Heroes of the Zeroes is Nick Rogers’ daily, alphabetical look back at the 365 best films of 2000 to 2009.

Not just a rigorously realistic portrayal of newsroom politics and procedures, Billy Ray’s Shattered Glass burrowed into the deceitful brain of Stephen Glass (Hayden Christensen) — a seemingly infallible writer at Washington, D.C.’s New Republic in the mid-1990s.

Glass was a glad-handing, brown-nosing nerd who meekly spun unassuming insecurities into endearing office friendships — all the better to blind colleagues so they couldn’t see him yank down the wool.

When rival reporters get a whiff of falsity from a story on which Glass scooped them, Glass’s editor, Chuck Lane (Peter Sarsgaard), takes it upon himself to deduce the depths of Glass’s fraudulence.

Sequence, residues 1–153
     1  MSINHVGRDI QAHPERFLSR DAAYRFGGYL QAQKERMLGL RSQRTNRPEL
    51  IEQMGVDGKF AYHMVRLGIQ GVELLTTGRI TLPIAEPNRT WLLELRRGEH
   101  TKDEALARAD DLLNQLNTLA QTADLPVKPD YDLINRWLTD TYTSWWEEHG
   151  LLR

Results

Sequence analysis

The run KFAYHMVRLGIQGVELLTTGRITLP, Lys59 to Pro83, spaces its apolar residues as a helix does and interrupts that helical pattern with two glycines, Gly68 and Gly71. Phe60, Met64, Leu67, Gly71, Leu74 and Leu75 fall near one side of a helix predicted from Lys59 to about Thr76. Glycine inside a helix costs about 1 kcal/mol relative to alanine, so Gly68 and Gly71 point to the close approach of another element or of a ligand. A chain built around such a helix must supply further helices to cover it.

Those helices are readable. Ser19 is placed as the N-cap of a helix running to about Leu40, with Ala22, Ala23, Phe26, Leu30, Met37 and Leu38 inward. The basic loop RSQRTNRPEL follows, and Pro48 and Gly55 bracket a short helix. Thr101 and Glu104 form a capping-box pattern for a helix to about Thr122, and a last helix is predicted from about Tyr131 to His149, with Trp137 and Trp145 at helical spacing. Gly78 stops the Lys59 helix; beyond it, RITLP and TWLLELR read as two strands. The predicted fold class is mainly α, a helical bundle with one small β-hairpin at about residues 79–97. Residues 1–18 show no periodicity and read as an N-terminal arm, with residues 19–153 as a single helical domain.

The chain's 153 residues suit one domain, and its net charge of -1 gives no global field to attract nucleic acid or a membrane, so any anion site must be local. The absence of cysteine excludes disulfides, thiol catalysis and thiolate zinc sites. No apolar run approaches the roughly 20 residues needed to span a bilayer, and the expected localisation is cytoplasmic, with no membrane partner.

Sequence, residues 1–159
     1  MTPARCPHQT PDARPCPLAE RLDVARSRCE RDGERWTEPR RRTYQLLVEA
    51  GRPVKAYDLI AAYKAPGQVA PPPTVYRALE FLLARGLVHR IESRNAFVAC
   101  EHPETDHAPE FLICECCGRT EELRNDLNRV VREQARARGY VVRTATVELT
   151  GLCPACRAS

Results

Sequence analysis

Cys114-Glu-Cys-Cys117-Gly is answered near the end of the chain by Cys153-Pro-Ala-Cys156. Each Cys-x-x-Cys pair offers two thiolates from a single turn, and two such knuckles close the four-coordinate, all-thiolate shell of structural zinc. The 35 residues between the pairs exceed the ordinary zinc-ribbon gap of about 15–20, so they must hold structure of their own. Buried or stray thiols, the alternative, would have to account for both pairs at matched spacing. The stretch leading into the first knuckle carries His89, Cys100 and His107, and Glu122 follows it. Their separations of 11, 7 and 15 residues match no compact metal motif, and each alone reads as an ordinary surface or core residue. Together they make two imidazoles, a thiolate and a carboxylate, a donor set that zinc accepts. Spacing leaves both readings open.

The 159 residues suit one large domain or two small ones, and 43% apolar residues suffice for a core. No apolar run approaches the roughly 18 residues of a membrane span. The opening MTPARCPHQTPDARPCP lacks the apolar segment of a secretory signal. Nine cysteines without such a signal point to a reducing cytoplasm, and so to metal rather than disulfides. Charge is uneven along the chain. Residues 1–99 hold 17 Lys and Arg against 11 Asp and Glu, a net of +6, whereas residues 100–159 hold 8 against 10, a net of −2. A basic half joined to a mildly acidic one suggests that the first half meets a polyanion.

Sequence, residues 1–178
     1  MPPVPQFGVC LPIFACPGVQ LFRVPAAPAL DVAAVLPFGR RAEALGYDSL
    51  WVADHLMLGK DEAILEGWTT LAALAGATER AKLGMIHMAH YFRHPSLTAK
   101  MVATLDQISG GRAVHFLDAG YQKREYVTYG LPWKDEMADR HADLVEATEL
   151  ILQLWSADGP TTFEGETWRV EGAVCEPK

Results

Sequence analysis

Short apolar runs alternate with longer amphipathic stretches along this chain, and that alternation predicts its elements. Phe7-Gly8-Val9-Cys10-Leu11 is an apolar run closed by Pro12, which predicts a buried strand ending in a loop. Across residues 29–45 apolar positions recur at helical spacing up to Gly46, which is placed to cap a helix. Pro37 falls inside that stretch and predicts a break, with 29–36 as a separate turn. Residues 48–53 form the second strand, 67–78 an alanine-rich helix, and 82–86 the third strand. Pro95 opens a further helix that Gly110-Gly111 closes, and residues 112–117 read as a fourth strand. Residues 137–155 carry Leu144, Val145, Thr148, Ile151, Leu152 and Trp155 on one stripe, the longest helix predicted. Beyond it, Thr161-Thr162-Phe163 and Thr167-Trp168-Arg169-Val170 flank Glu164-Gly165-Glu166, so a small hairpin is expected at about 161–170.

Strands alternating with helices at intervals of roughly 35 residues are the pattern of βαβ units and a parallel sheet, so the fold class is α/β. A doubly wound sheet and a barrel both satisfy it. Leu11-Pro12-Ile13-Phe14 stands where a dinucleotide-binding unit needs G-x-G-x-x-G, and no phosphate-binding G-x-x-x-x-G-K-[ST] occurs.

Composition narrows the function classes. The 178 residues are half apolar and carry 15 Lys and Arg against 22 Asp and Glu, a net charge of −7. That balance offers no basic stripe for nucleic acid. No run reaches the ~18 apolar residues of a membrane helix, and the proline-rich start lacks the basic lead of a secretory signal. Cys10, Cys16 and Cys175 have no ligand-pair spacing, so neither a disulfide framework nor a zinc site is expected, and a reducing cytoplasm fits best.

Unless there’s ever a 2×4 famous enough to warrant biopic treatment, this is likely to be Christensen’s only great performance — skillfully blurring the lines between sincerity and fabrication to the point where even Glass’s paid compliments could be bankrupt bunkum.

That said, Shattered really belongs to Sarsgaard as the film’s true-north compass.

Lane had the unenviable task of leading former peers from a beloved, ousted editor’s chair. Though perceived as vendetta, Lane’s investigation is an exhaustively extended courtesy he hopes won’t lead to awful truths. Sarsgaard steers Shattered’s greatest scenes of realization and confrontation virtually by himself.

In framing sequences of possible fantasy, Glass admonishes students about journalism’s privilege and responsibility — values he willfully abused as deceptively and dishonestly as any sociopath parlaying his skill into power.

Using unexpectedly suspenseful character drama for a straight-shooting tale about pathological lying, 2003’s Shattered Glass elevated itself to the upper echelon of journalism films.